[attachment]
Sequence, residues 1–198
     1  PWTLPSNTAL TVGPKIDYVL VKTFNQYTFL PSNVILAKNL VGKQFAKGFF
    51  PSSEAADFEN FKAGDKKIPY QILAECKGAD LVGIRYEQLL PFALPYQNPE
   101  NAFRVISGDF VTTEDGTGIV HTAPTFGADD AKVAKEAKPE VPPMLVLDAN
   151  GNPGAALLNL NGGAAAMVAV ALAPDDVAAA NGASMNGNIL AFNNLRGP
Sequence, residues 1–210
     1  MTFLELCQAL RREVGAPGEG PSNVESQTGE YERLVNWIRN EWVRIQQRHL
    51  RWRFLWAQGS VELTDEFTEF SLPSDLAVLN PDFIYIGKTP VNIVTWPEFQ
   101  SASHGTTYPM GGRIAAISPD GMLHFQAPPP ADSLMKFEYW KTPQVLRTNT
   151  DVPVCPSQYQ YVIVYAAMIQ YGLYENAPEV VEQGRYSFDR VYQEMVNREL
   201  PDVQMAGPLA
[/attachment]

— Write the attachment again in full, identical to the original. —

Sequence, residues 1–198
     1  PWTLPSNTAL TVGPKIDYVL VKTFNQYTFL PSNVILAKNL VGKQFAKGFF
    51  PSSEAADFEN FKAGDKKIPY QILAECKGAD LVGIRYEQLL PFALPYQNPE
   101  NAFRVISGDF VTTEDGTGIV HTAPTFGADD AKVAKEAKPE VPPMLVLDAN
   151  GNPGAALLNL NGGAAAMVAV ALAPDDVAAA NGASMNGNIL AFNNLRGP
Sequence, residues 1–210
     1  MTFLELCQAL RREVGAPGEG PSNVESQTGE YERLVNWIRN EWVRIQQRHL
    51  RWRFLWAQGS VELTDEFTEF SLPSDLAVLN PDFIYIGKTP VNIVTWPEFQ
   101  SASHGTTYPM GGRIAAISPD GMLHFQAPPP ADSLMKFEYW KTPQVLRTNT
   151  DVPVCPSQYQ YVIVYAAMIQ YGLYENAPEV VEQGRYSFDR VYQEMVNREL
   201  PDVQMAGPLA